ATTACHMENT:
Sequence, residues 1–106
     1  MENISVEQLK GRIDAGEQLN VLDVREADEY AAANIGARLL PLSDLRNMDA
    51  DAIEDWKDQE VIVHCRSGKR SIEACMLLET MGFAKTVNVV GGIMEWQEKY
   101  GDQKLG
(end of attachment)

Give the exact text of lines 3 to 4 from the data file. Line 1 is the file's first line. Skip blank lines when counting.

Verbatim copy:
    51  DAIEDWKDQE VIVHCRSGKR SIEACMLLET MGFAKTVNVV GGIMEWQEKY
   101  GDQKLG